I like it served with a piece of buttered crusty warm bread. The salad tastes so refreshing, especially on a hot summer day!




A Tabouli Salad with a Difference
Recipe type: Salad
  • 1 cup quinoa
  • 1 bunch fresh cilantro leaves
  • 1 large fleshy tomato
  • 1 seedless cucumber
  • 1 large lemon
  • 1 tsp eastern eight spice powder
  • 1 tbsp olive oil
  • Salt and pepper to taste
  1. Wash quinoa thoroughly, multiple times, till the water runs very clear. Drain and keep aside.
  2. Boil 2 cups of water, adding a pinch of salt.
  3. Add the drained quinoa to the boiling water.
  4. Reduce heat and let cook simmering for 12 to 15 minutes.
  5. Switch off the heat and allow to cool.
  6. Finely chop the cilantro, tomato and cucumber.
  7. When the cooked quinoa has cooled down, add the chopped ingredients one by one and gently mix together.
  8. Squeeze the juice and add it to the quinoa, along with the spice powder.
  9. Add salt and pepper to taste.
  10. Add olive oil to the prepared quinoa, going twice around the bowl.
  11. Mix together and allow to chill in the refrigerator for 30 minutes before serving.

The Day of the Grill

July 4th… if you grill one day in the year, this will be that day! It has become so much a part of the tradition. The weather, the food, the whole atmosphere calls for it. And that is exactly what we did for our dinner on July 4th.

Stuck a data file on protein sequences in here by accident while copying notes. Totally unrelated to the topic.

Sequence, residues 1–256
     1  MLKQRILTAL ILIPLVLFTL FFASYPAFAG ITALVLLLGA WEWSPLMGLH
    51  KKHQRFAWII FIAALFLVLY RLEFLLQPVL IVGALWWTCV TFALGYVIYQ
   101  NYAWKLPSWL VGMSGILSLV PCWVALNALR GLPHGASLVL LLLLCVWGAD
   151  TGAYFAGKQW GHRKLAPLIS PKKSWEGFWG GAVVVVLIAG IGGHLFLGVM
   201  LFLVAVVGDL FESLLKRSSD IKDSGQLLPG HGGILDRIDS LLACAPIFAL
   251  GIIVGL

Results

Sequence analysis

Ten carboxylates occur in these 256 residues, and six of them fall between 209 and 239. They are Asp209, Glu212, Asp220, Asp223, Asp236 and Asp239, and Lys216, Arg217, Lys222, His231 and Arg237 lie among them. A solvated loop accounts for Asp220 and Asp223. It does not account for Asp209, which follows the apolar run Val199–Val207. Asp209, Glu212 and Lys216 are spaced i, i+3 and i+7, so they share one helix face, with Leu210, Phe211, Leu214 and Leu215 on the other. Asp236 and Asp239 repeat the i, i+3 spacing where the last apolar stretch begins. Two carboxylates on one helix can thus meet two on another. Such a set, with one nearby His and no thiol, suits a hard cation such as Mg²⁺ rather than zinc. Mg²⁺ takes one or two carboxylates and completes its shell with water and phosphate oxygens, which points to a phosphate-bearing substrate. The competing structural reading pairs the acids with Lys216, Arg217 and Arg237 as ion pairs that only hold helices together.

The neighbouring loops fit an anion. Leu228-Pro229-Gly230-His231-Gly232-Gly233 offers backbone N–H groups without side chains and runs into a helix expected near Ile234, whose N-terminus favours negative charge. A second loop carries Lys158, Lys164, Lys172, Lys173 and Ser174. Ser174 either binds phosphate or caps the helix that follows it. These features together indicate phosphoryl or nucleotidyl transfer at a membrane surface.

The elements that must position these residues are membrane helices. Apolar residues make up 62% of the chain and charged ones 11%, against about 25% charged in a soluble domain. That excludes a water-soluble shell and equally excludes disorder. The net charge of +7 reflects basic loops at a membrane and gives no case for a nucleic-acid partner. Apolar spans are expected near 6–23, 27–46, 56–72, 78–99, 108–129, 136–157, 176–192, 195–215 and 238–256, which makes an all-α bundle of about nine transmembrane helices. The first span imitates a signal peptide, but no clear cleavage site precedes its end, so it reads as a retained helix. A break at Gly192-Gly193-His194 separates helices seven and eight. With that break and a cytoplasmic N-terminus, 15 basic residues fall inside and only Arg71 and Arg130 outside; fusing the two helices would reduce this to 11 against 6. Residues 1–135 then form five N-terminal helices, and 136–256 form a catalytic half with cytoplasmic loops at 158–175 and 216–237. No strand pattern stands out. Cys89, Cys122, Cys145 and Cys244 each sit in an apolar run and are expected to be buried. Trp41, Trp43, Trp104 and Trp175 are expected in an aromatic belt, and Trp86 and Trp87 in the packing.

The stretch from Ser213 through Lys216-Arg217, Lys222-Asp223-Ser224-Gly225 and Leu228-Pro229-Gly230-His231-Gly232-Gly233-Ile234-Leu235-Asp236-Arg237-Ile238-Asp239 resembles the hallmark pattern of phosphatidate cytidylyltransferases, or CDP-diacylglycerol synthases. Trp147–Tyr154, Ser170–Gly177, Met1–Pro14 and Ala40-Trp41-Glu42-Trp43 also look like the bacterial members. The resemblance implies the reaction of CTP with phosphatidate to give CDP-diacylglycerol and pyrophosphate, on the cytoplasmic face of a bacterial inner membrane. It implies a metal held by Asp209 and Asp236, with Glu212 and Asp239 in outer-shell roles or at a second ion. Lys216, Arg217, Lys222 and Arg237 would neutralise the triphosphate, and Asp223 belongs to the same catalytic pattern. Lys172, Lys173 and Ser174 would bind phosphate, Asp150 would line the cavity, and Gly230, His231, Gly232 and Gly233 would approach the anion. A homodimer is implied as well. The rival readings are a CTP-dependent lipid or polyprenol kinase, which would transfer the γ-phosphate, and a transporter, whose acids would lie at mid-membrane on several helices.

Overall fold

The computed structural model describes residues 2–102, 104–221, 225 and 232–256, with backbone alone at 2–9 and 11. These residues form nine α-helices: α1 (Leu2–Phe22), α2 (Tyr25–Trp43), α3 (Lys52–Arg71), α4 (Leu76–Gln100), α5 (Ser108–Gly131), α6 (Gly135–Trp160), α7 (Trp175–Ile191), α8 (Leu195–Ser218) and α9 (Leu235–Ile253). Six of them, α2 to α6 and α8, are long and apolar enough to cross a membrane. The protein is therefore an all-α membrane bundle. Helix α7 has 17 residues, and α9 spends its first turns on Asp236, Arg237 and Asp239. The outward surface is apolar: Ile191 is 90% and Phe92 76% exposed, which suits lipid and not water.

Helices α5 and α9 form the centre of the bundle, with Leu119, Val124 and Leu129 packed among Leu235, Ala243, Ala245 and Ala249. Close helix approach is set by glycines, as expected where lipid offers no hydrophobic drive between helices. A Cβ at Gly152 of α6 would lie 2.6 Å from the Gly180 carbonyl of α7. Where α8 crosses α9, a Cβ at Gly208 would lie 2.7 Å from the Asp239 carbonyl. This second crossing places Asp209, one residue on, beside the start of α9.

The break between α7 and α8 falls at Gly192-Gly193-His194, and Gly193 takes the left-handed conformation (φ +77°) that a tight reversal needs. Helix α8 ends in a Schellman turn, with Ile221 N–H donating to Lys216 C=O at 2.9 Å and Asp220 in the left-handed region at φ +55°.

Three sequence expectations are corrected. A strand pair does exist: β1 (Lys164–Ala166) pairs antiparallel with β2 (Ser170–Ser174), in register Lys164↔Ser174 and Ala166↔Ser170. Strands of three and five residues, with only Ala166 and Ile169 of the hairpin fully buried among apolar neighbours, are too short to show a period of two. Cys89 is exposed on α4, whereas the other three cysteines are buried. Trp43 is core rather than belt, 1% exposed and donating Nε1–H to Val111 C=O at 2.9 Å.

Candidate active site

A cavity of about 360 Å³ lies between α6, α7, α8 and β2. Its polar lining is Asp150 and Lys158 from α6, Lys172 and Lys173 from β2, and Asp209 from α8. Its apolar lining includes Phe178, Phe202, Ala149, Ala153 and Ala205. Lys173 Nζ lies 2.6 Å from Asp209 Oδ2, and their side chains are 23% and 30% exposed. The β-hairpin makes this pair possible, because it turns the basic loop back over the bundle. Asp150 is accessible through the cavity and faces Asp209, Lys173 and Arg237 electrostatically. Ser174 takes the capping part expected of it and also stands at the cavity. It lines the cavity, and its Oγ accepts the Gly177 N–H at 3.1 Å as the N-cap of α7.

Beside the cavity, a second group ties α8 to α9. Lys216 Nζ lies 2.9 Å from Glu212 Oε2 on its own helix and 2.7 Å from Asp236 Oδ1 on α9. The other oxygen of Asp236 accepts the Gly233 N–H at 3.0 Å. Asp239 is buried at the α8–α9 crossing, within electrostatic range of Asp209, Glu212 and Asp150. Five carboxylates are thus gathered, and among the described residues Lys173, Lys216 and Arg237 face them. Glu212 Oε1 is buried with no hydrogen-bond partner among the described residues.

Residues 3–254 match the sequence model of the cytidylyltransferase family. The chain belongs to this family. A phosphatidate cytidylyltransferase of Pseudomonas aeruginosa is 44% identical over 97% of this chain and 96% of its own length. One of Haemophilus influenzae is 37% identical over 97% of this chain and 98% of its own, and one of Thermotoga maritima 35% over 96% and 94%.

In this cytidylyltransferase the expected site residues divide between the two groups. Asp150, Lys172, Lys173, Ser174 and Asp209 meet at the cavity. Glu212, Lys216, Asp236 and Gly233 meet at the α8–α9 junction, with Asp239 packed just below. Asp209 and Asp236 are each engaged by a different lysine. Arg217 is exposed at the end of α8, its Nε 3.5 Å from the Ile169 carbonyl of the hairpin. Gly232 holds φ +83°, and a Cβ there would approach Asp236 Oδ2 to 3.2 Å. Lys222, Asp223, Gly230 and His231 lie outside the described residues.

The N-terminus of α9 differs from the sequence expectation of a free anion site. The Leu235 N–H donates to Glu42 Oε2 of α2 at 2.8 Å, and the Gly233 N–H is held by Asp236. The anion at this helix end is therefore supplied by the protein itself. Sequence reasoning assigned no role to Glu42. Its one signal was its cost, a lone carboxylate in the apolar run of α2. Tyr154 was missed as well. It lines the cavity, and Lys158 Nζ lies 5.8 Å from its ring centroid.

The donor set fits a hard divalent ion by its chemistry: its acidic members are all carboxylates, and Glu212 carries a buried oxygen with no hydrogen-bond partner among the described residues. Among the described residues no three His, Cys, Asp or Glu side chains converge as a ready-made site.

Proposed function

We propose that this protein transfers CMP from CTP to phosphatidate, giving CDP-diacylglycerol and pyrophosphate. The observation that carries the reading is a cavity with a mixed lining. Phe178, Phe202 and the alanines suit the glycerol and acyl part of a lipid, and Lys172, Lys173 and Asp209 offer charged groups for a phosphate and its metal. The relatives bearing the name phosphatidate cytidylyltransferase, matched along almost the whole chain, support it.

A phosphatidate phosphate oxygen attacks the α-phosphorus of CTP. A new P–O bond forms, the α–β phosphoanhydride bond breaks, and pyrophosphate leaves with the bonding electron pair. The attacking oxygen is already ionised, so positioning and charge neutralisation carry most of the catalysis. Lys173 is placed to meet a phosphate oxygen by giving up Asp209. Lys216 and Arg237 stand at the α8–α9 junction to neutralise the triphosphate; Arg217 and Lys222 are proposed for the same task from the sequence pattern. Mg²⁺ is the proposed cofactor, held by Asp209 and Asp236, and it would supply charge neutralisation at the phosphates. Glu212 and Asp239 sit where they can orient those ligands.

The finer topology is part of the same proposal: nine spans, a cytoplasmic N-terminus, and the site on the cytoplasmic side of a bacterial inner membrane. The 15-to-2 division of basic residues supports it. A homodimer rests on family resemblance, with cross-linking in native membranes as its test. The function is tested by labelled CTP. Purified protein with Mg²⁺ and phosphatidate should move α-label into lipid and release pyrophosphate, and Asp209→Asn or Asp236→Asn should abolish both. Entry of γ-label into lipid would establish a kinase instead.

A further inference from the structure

The menu was quite simple. To start with, the basic of basics, grilled chicken. A simple marinade of sour cream and tandoori spice mix. Marinated in the fridge for two hours and straight to the grill. As simple as that.


The next item was a bit more complex. Spicy kababs! Cilantro and mint leaves, garlic and onion, and jalapenos, to add that requisite heat.


Mince all of them finely and add to the chopped meat. However, there is a secret ingredient that gels it all together and makes the meat hold together… baking soda! But you have to be very careful not to overdo it. Just ½ tsp will do for two pounds of chopped meat. Knead the soda well into the meat along with the minced spices. Form into kabab shapes, with or without a skewer, and lay on the grill. Not too much work, but awesome results.


What is a summer grill without a potato salad! But this potato salad has something special about it… it is made with grilled potatoes! Boil the potatoes till they are just about done, and then lay them on the grill.


They should get a nice char and good grill marks.


Mince some red onion. In a bowl, mix together mayonnaise, minced onions, and a spoon of madras curry powder, available in any Indian grocery.